Lyrical informal abstractionism Lilia Carrillo

Lilia Carrillo (1930–1974) was a Mexican painter from the Generación de la Ruptura, which broke with the Mexican School of Painting of the early 20th century. She was trained in the traditional style but her work began to evolve away from it after studying in Paris in the 1950s. While she and husband abstract artist Manuel Felguérez struggled to get their work accepted, even selling Mexican handcrafts and folk art to survive, she eventually had her canvas work exhibited large venues in Mexico City and various cities in the world. Her work was part of the inaugural exhibition of the Museo de Arte Moderno in Mexico City in 1964. After her death in 1974, her work received honors from the Palacio de Bellas Artes and has been exhibited in various venues.






 Encouraged by Juan Soriano to explore other kinds of painting, in 1953, she received a scholarship to study in Paris, moving their with her new husband Ricardo Guerra. She enrolled in the Académie de la Grande Chaumière, learning about avant-garde movements such as Cubism, Surrealism, Expressionism and various forms of abstract art. However, she guarded about these movements at first.
She returned to Mexico in 1956 after separating from Guerra In 1960, she married Mexican abstract artist Manuel Felguérez in Washington, DC.Both were of the new Generación de la Ruptura artist movement, which had trouble selling paintings in established venues. Carrillo and Felguérez turned to Mexican handcrafts and folk art to make money to survive. Carrillo had two children to support as well, prompting her to take on a Czechoslovakian persona of “Felisa Gross” to produce purely for commercial purposes.In 1962, she traveled to Peru with Felguérez to exhibit her work at the Instituto de Arte Contemporáneo. On this occasion, she met Peruvian vanguard artists such as Fernando de Szyszlo.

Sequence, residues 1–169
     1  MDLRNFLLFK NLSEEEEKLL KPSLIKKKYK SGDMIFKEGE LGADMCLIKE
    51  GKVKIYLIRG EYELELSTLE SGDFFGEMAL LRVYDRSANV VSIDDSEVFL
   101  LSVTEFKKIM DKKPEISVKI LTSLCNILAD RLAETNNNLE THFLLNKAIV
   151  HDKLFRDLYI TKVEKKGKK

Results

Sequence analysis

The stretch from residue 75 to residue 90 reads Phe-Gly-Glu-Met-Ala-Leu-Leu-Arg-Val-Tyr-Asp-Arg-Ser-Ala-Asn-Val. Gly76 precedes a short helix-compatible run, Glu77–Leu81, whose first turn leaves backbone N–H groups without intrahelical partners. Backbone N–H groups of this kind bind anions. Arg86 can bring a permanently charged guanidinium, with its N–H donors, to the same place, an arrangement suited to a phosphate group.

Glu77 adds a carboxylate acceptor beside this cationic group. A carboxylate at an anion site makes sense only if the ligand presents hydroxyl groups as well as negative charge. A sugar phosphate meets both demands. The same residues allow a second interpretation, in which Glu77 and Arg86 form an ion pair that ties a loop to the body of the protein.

While Carrillo was studying at La Esmeralda, she rejected abstract art, with her work heavily influenced by the dominant Mexican School of painting. Her very early work is figurative such as her self-portrait from 1950.After she graduated Juan Soriano encouraged her to explore other artistic trends and she went to Paris. There Here she became to experiment with Cubism, influenced by Matisse, Modigliani and Picasso, and the Cubism, Surrealism, Expressionism and abstract art movements in general. When she returned to Mexico in the mid-1950s, her work was already showing influence from abstract art.
In the 1950s she became an adherent of automatism, a theory introduced to Mexico by Austrian painter Wolfgang Paalen. It is based on Surrealism and posits that the artist’s hand should be guided by its own movement in order to tap the subconscious. She then moved onto her own abstract style which has been classified as “lyrical informal abstractionism” or “informal expressionism.” She never rejected the labels but always insisted that she did not have a real method for creating her works, or if she did, it changed often. Wikipedia





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